By Heidi Blake
One evening in November, 2021, a group of men assembled at sundown on the terrace of the Ruckomechi Camp, a safari resort on the Zambezi River. Since arriving by private plane, they had gone out lion-spotting, boated down the river, and landed a giant tiger fish; now they were clinking gin-and-tonics. Hippos wallowed in the water below.
The party was led by Renat Heuberger, a forty-four-year-old Swiss entrepreneur with narrow eyes and a cropped copper beard. Heuberger was the chief executive of South Pole, the world’s largest carbon-offsetting firm, and he had come to Zimbabwe to fight off an urgent threat to his company.
A decade earlier, South Pole had signed a deal to sell carbon offsets from an effort to protect a vast swath of forest on the banks of Lake Kariba, upriver from the camp. The Kariba project, spanning an area ten times the size of New York City, was among the world’s first “avoided deforestation” programs; by deterring local people from chopping down trees, it promised to prevent the release of tens of millions of tons of greenhouse gas. Leading corporations, including Volkswagen, Gucci, Nestlé, Porsche, and Delta Air Lines, paid South Pole nearly a hundred million dollars for Kariba credits, allowing them to market goods or services as “carbon neutral.”
South Pole thus pioneered a model of carbon offsetting that has been counted among our best hopes for staving off climate catastrophe: a mechanism that diverts funds from polluters in wealthy countries to protect crucial ecosystems in the Global South. Heuberger, a kinetic, grandiloquent man, speaks expansively about his mission. “We’re here to save the climate,” he told me.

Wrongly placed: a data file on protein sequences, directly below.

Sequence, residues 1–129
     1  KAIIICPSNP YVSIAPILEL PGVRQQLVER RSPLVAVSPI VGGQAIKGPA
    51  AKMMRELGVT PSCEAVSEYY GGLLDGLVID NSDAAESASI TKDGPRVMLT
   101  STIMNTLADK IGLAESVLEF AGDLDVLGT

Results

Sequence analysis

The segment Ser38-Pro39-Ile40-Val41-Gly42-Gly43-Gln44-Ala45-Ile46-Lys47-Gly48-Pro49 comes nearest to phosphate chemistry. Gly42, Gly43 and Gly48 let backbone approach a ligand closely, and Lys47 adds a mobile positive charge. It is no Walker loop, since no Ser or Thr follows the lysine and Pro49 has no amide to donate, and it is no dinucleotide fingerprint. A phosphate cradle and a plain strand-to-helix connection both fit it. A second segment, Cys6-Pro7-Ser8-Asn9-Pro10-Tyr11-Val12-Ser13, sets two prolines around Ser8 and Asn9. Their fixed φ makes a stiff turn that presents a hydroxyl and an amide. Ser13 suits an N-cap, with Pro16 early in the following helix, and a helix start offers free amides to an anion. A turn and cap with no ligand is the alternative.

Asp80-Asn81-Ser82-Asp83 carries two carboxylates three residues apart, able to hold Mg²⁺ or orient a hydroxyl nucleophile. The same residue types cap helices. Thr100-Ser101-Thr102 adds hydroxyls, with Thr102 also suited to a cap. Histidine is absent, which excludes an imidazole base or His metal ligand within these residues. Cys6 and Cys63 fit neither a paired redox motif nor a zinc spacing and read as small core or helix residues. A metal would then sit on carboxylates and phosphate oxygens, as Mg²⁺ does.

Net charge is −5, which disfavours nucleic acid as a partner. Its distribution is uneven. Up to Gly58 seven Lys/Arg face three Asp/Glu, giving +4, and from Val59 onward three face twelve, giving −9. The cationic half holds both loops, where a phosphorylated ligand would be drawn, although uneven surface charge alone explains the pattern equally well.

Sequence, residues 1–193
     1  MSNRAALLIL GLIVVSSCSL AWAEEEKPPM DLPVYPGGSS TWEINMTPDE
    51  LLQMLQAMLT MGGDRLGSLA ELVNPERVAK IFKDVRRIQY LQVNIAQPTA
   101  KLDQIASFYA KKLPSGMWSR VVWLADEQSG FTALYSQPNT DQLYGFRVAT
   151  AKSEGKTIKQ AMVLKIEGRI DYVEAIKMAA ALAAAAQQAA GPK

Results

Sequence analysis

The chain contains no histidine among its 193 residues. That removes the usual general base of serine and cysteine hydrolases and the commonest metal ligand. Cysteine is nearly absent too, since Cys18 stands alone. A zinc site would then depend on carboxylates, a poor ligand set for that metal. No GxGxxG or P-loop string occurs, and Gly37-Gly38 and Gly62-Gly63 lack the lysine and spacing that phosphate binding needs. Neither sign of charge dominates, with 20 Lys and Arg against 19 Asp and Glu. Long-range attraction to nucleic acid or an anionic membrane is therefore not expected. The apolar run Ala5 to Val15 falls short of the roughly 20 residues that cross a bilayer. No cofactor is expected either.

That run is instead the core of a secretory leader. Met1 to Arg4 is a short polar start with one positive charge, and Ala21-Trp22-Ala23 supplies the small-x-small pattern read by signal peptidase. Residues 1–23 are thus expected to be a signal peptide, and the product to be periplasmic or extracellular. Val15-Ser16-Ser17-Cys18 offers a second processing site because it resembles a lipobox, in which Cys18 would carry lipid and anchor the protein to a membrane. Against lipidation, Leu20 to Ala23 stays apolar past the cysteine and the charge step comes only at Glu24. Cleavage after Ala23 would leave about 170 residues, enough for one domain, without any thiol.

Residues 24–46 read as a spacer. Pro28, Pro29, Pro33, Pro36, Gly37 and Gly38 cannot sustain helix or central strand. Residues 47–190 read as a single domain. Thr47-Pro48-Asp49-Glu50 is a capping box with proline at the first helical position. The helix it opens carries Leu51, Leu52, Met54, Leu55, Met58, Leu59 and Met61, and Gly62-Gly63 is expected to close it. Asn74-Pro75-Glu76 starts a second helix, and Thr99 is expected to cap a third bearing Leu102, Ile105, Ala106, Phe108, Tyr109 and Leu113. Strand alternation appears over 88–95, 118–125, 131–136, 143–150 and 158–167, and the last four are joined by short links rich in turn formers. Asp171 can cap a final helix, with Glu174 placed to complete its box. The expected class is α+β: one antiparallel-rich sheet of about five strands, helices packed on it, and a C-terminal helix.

As a child, Heuberger spent his spare time gluing protest flyers to car windows, and he considered himself an activist. But, as he built his company, he had developed a consumer-friendly brand of climate optimism. “It’s not true that to save the climate we will all need to go into perpetual lockdown or stop having fun,” he said, promoting Porsche’s offsetting program. “In fact, it’s the opposite”—drivers should enjoy their vehicles, knowing that “every ton of CO2 they compensate for is backed by a verified emission reduction.”
This perspective was enthusiastically received: Heuberger had regular speaking engagements at Davos and a spot in the World Economic Forum’s network of experts. As brands scrambled for inexpensive ways to reduce emissions, the market for offsets surged, quadrupling in 2021 alone. That year, South Pole was approaching a billion-dollar valuation, which would make it the world’s first “carbon unicorn.”
But alarming news had reached the company’s headquarters, in Zurich: it was at risk of losing its most lucrative project. By the terms of the Kariba deal, the company purchased carbon credits from a developer who oversaw the area’s forestland, and sold them for a twenty-five-per-cent commission. Now a competitor had offered the developer a substantial payment to take over the project. To help devise a response, Heuberger turned to an old friend from college, Dirk Muench, who had recently joined South Pole. Muench had left Wall Street to support climate action in the world’s poorest places. He was a self-confessed stickler, and could be too fastidious for Heuberger’s taste—but he was a skilled dealmaker.